1.Overall similarity

✵Fonts and formatting

✵Color scheme

✵Sounds, animations, and visual effects

✵Symbols, logos, and marks

✵Layout and arrangement

✵User experience design

2.Proximity of products or services in the relevant market(s)

3.Intentional copying

4.Likelihood of consumer confusion Application and Registration for Trademark Protection.

In the United States, application for a trademark registration can be made under both federal and state laws. A legal expert should be consulted for information about registering trademarks in other countries. However, registering a trademark is not sufficient; actual use of the trademark in a given market ensures protection (ie, the longer the actual use of the trademark, the stronger the legal protection).62,91 Typically, the rights to a trademark belong to the first user in a specific geographic market.

Trademark protection is also governed by the national laws of individual countries and international treaties, such as the TRIPS agreement. In the United States, an application to register a trademark must be filed with the USPTO.90 Applying for trademark protection is more complicated than applying for copyright protection. The USPTO requires a formal application to be submitted (preferably electronically), along with a drawing of the mark, samples of the mark as it has been used, and a filing fee.90 The USPTO conducts a formal review of the application, which may take several months. The office may deny the request for registration if the mark is judged to be generic, merely descriptive, or similar to another registered mark (or a mark for which another application is under review). Registration may also be denied if the mark is not used or intended for use in interstate or international commerce. If the application is approved internally by the USPTO, a notice is published in the Official Gazette to make the application publicly known. During the 30 days after the Official Gazette notice, any third party can file a formal opposition to the application.90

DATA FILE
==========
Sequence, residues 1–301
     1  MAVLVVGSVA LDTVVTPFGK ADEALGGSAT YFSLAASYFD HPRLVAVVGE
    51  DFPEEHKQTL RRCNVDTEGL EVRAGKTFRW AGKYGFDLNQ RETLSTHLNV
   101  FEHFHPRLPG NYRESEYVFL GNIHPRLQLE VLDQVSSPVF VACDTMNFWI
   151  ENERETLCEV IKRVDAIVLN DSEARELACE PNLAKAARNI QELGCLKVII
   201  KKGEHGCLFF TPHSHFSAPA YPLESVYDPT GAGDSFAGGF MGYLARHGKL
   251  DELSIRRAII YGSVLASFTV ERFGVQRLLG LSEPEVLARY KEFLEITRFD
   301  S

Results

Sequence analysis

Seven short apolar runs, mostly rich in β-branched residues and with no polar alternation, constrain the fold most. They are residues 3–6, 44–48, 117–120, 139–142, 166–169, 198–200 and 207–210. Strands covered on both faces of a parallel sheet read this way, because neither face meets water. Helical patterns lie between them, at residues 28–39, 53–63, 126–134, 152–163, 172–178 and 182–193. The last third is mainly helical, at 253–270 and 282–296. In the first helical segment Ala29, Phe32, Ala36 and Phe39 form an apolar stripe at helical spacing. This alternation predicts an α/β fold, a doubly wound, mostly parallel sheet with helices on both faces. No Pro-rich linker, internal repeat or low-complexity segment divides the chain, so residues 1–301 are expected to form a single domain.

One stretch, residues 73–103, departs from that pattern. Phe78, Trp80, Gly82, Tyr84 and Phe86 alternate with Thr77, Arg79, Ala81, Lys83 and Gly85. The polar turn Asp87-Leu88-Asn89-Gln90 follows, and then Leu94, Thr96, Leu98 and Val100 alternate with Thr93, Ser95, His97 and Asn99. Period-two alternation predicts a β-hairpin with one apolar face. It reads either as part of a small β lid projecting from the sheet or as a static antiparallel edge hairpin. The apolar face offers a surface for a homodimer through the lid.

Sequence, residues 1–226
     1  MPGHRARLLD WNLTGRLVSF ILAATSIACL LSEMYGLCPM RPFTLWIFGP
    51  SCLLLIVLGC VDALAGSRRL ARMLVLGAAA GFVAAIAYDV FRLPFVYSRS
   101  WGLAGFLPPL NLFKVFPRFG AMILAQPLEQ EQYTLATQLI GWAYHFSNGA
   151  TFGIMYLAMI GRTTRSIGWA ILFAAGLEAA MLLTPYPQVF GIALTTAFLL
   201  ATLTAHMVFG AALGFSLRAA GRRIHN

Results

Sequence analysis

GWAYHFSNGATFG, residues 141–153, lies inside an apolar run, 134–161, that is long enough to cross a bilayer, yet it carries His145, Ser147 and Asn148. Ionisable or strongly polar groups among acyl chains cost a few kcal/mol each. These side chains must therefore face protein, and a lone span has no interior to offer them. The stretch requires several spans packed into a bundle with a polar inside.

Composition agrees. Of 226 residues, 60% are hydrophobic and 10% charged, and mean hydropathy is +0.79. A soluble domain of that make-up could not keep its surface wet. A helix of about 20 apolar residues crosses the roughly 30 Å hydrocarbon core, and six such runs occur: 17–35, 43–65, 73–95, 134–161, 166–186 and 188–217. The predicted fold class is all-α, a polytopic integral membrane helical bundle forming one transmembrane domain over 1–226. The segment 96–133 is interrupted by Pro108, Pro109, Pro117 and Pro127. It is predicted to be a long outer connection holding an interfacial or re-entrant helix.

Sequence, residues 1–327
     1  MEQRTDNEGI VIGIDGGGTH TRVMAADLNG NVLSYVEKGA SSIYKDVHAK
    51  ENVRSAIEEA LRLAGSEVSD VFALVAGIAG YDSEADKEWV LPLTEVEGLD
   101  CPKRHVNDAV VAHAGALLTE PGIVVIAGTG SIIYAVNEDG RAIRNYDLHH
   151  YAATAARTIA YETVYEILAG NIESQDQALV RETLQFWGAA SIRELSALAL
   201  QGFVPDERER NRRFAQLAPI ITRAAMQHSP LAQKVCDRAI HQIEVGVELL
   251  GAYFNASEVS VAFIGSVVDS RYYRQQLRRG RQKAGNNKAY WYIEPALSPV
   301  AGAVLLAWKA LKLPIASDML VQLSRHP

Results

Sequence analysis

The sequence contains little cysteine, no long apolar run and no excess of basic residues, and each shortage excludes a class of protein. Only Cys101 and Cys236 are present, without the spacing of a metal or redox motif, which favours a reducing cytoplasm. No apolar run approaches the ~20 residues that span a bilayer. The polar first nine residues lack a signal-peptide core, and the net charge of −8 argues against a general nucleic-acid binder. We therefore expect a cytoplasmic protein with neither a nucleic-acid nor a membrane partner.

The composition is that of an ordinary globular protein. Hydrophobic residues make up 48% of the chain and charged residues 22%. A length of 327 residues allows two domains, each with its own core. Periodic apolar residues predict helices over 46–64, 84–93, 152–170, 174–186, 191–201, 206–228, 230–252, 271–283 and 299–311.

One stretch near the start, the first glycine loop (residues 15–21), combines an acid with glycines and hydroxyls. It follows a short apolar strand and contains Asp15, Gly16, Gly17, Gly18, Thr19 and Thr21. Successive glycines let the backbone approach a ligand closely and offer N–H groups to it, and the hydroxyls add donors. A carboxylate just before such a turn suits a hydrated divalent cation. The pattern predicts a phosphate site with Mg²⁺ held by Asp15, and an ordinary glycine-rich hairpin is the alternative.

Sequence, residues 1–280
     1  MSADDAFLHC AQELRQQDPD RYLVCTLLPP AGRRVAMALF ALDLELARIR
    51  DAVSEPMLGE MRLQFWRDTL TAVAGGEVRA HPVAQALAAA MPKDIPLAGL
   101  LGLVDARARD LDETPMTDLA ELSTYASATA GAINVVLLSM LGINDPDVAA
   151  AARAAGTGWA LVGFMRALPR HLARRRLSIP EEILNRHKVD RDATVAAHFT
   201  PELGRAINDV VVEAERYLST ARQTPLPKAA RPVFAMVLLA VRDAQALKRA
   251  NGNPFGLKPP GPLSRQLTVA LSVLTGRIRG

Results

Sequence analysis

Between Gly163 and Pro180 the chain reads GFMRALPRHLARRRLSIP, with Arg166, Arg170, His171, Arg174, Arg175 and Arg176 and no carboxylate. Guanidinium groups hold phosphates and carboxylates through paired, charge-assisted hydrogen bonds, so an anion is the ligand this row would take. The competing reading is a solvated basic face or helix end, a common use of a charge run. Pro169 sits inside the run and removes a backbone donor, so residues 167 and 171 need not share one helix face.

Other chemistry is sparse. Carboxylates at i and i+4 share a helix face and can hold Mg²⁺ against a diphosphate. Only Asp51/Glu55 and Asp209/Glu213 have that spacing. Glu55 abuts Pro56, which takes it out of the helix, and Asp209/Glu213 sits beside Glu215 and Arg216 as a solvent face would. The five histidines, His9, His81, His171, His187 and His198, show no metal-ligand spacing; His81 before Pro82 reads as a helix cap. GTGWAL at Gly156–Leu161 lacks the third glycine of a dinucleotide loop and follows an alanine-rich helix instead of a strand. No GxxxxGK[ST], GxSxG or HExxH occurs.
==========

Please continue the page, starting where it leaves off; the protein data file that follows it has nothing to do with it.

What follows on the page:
If the application is approved, the USPTO will issue a certificate of registration if the mark is in use. If the mark is not yet in use, the applicant is required to file a statement that describes the mark’s intended use and has 6 months to use the mark in commerce and submit a statement of such use or request a 6-month extension to file a statement of use.90 Trademark Symbols.

Once registered, the mark is entitled to carry the trademark symbol ®. Only those marks that are officially registered by the USPTO can use the official symbol ®. Marks that are under review may use the symbol TM or SM, but these do not have legal significance.90 Duration of Trademark Protection.

A US trademark registration extends for 10 years and may be extended indefinitely provided the owner continues to use the mark on or in connection with the applicable goods and/or services and files all required documentation with the USPTO at the appropriate times. For example, between the fifth and sixth years of the initial term and in the ninth year of every 10-year period thereafter, additional forms must be filed with the USPTO to ensure legal protection.90 Loss of Trademark Rights and Antidilution Law